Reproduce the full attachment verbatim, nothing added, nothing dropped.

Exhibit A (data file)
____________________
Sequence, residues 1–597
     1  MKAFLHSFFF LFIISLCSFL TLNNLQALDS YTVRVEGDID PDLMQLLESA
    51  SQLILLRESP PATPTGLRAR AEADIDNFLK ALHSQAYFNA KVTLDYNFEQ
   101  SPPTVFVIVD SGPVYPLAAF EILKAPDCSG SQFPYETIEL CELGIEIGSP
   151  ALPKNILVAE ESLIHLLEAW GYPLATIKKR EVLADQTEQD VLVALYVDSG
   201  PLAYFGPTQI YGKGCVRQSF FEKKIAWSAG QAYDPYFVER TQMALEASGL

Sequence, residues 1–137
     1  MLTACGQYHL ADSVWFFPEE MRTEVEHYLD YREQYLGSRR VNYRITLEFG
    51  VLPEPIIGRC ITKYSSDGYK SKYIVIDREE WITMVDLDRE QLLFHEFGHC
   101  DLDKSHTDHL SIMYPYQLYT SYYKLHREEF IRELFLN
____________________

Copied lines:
Sequence, residues 1–597
     1  MKAFLHSFFF LFIISLCSFL TLNNLQALDS YTVRVEGDID PDLMQLLESA
    51  SQLILLRESP PATPTGLRAR AEADIDNFLK ALHSQAYFNA KVTLDYNFEQ
   101  SPPTVFVIVD SGPVYPLAAF EILKAPDCSG SQFPYETIEL CELGIEIGSP
   151  ALPKNILVAE ESLIHLLEAW GYPLATIKKR EVLADQTEQD VLVALYVDSG
   201  PLAYFGPTQI YGKGCVRQSF FEKKIAWSAG QAYDPYFVER TQMALEASGL

Sequence, residues 1–137
     1  MLTACGQYHL ADSVWFFPEE MRTEVEHYLD YREQYLGSRR VNYRITLEFG
    51  VLPEPIIGRC ITKYSSDGYK SKYIVIDREE WITMVDLDRE QLLFHEFGHC
   101  DLDKSHTDHL SIMYPYQLYT SYYKLHREEF IRELFLN